With two days left until tax day, most Americans have already spent several hours finalizing their 2014 tax returns. For years, Congress has been sitting on a proposal to make it easier for people to file their taxes. The proposed bill would implement a return-free filing system, where the IRS would provide taxpayers with a filled-out form containing all of their information and estimate their taxes. The taxpayer would just have to look it over before confirming the information. Other industrialized countries like Denmark and Spain, have already adopted a similar process. In the United States, though, a few powerful companies have a large financial stake in ensuring long, complicated tax returns continue to be the norm.
Lobbying Spending Data: MapLight analysis of the money spent by tax preparation companies, including H&R Block, Intuit, which owns TurboTax, American Institute of Certified Public Accountants, Jackson Hewitt, and National Society of Accountants, lobbying Congress and federal agencies since 2011. Data Source: Clerk of the U.S. House of Representatives.
Since 2011, the five companies and organizations have spent a combined $35 million lobbying Congress and federal agencies.
To search MapLight’s Lobbying Spending Database click here.
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Congressional Stock Ownership: MapLight analyzed the 2013 personal financial disclosures of members of Congress to determine which members own stock in Intuit, H&R Block, and Jackson Hewitt. Data source: Office of the Clerk, U.S. House of Representatives and Office of the Secretary of the Senate, U.S. Senate.
Eight members of Congress reported owning between $57,249 and $219,242 worth of stock combined in the three companies.
Seven members of Congress reported owning between $57,249 and $218,242 worth of stock combined in Intuit.
To search MapLight’s Personal Financial Disclosure Database click here.
Campaign Contribution Data: MapLight analyzed campaign contributions from the political action committees (PACs) of taxpreparation companies and trade associations representing public accountants including H&R Block, Intuit, the National Society of Accountants, and the American Institute of Certified Public Accountants to all congressional candidates between January 1, 2009, and December 31, 2014. Data source: Federal Election Commission (FEC).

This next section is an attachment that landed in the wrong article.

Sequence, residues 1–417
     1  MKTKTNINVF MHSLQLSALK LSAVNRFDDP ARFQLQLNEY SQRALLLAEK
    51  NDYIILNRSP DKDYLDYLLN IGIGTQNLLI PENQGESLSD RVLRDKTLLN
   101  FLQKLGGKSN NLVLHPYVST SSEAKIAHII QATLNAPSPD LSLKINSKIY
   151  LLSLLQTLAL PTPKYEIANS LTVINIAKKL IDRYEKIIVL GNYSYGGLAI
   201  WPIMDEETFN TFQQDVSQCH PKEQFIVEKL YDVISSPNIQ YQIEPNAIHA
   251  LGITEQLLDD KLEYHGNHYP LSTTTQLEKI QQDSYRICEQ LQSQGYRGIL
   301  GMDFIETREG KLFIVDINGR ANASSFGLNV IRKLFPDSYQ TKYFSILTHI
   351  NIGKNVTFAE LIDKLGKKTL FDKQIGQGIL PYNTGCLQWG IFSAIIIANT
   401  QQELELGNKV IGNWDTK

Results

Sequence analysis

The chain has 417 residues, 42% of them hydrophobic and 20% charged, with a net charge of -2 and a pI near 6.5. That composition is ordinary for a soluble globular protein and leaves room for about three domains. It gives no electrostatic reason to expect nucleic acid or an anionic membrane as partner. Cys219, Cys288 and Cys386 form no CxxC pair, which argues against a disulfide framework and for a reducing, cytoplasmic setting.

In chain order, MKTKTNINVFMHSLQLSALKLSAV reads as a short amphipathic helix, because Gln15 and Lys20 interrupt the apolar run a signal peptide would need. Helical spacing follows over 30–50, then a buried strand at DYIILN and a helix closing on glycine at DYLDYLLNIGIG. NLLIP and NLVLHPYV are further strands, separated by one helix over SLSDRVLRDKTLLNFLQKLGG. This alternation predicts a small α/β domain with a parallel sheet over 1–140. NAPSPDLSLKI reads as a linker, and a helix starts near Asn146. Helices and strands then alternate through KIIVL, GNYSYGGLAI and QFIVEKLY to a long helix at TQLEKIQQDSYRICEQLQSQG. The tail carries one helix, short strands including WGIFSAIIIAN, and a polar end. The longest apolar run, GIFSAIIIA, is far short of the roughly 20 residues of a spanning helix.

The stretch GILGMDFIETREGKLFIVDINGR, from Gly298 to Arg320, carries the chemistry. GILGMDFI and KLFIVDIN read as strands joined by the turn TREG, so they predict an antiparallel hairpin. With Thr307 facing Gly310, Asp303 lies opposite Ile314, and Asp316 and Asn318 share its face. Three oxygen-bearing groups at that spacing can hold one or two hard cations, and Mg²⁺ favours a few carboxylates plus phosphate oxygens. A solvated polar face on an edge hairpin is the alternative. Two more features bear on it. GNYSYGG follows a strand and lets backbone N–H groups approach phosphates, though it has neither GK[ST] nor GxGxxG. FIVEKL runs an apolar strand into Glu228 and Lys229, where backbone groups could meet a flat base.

In 2011, Rep. Jim Cooper (D-TN) introduced a bill that would have streamlined tax returns for most individuals. The so-called “return-free” filing bill never even came up for a vote in the House Ways and Means Committee, which has jurisdiction over the IRS. Sen. Ron Wyden (D-OR) and Sen. Dan Coats (R-IN) included the proposal in their failed 2011 tax reform bill. Rep. Cooper’s office said congressional inaction was due, in part, to opposition from tax preparation companies like Intuit and H&R Block.
The average member of the House Ways and Means Committee received, on average, 2.8 times more money ($7,072) from the tax preparation industry compared to the average member of the House of Representatives ($2,509) during the 2014 election cycle.
Since Rep. Cooper’s 2011 bill to streamline individual tax returns died, the industry has increased its campaign contributions, and Congress has not considered any other return-free filing proposals.
Since 2011, the tax preparation industry has contributed nearly $2.6 million to congressional candidates.
During the 2014 election cycle, seven of the top 10 recipients of campaign contributions from the tax preparation industry were either in congressional leadership or served on the committees that oversee the IRS.
The top recipient of tax preparation funds, Sen. Pat Roberts (R-KS), is a senior member of the Senate Finance Committee and received $18,999 from the tax preparation industry during the 2014 election cycle. As the chairman of the Senate Agriculture Committee, Sen. Roberts also oversees the Commodity Futures Trading Commission, which in October 2014 issued a proposed new code of conduct for accountants.